The kidnapping of Jaycee Lee Dugard is horrific not only in scope of time — 18 years — but in the depravity of her captors Phillip and Nancy Garrido.
Many of us would like to put our head in the sand about such crimes. We want to think the Garridos are an anomaly. We turn a blind eye to reality and think that such nightmares can never happen to our children in our neighborhood.
I wish that was true.
I’ve talked with a counselor for the department of corrections whose job it is to get these types like Phillip Garrido to talk about their crimes.
It is not something you want to hear. Suffice it to say, some predators purposely stir their fantasies by just brushing up against a child in a store. It can happen in an instant — and you may never know — but that brief moment can feed these predators’ thoughts and imaginings in ways we think only exist in horror film or books.
It’s time to rip the veil of aversion and denial off our eyes. It’s time for parents to give children the physical, mental, and emotional tools to become safer, stronger, and smarter.
I created this site to teach non-martial artists skills and savviness for physical, mental, and emotional self defense. It’s also for parents to discover and pass on street smarts to their kids. Think Like a Black Belt is still growing, but more information and skill sets are added at least weekly. I plan to use more video, create newsletters on self defense for parents of small children, and do interviews with people on the front lines of crime prevention and security.
But whether you use my site or other sites or take classes in your area, do something! You may not have all the answers, but the answers are out there. Find them and share them with your kids.
Start the conversation
Talk to your children about these topics in age-specific ways. Start a conversation with them. For teens, you might discuss topics and questions such as:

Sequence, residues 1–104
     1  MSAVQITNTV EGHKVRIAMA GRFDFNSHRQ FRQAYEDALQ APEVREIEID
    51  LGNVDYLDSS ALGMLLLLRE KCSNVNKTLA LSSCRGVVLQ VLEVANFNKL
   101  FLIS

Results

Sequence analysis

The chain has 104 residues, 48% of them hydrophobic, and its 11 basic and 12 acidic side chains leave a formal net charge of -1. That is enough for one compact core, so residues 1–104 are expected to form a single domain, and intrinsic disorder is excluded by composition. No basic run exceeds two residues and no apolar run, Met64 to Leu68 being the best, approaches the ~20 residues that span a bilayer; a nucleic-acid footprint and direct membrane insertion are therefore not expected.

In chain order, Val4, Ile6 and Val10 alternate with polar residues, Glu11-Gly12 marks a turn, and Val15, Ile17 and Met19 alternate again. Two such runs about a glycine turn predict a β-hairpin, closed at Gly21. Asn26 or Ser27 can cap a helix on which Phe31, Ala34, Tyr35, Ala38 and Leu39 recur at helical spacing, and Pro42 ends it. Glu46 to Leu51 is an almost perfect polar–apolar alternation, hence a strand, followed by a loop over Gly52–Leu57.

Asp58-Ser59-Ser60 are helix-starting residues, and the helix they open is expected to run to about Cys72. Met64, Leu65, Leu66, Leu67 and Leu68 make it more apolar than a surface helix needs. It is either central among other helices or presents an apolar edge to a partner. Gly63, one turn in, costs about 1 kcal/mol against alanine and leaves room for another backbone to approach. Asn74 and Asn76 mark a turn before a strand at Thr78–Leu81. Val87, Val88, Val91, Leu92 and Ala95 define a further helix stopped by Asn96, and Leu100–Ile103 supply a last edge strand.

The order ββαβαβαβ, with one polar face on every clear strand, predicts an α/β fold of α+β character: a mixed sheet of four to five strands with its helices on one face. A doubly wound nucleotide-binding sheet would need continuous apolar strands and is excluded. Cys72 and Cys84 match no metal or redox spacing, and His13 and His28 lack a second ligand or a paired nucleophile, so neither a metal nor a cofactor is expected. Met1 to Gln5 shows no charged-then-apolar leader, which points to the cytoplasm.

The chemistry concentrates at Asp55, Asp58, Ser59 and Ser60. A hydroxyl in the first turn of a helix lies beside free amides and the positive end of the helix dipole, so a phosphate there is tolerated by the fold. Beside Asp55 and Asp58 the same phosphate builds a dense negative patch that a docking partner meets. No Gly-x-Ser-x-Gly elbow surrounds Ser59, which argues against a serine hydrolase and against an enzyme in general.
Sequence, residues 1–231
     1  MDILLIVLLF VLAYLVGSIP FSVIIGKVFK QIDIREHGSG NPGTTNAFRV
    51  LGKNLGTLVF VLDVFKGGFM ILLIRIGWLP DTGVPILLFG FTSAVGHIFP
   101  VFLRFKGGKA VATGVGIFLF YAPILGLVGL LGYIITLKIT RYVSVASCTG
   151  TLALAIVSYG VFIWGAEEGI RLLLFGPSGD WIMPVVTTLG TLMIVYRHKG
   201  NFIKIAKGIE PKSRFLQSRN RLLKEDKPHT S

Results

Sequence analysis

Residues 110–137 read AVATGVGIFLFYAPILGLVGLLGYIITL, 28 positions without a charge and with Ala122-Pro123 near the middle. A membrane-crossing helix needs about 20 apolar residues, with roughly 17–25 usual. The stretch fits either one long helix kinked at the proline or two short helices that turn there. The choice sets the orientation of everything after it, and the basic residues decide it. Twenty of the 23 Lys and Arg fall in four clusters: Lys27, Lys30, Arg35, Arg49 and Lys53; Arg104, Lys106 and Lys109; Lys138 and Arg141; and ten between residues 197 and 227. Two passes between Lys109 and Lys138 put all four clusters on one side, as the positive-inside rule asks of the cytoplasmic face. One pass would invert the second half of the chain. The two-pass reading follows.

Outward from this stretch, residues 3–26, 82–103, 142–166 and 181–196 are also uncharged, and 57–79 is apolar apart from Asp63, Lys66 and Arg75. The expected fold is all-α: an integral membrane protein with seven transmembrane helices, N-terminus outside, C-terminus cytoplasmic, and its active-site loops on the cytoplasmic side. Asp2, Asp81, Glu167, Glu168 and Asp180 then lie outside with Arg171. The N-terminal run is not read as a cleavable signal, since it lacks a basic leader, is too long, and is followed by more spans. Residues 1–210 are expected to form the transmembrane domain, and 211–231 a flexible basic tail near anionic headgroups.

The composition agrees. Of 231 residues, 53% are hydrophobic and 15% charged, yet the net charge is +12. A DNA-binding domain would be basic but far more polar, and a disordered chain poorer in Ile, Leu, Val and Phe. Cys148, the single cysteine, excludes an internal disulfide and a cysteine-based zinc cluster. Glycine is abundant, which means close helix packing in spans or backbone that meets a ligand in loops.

- What do you think you would do if you had been kidnapped like Jaycee? (The kidnappers allegedly used a stun gun on her during the kidnapping. How would that change things?)
- If you are walking alone on a road or street, what can you do to keep safer?
- What classes do you want to take to increase your confidence?
- Do you know how to break free from someone who grabs you or how to break free from panic?
- Let’s talk about abusive authority figures and how to handle them.
- Emotional predators have special methods to control and manipulate you. Let’s explore how they do this.
- How do you know when to trust someone?
- When in danger or emergencies, what things can you do to help yourself or others?
- What does “survival” mean to you when it comes to violence?
- What code word do we want to use to let everyone in the family know a message from a stranger is valid or to indicate we can’t talk freely?
This is our reality.
Let’s face it wisely and confidently.
Other posts on kids and self defense:
- 21 self defense questions you (and your teenagers) may want to think about
- Self defense and kids — how-to for parents
Thank you for visiting and learning about self defense.
If you think others can benefit, please pass it on!
Photo credit: jvh33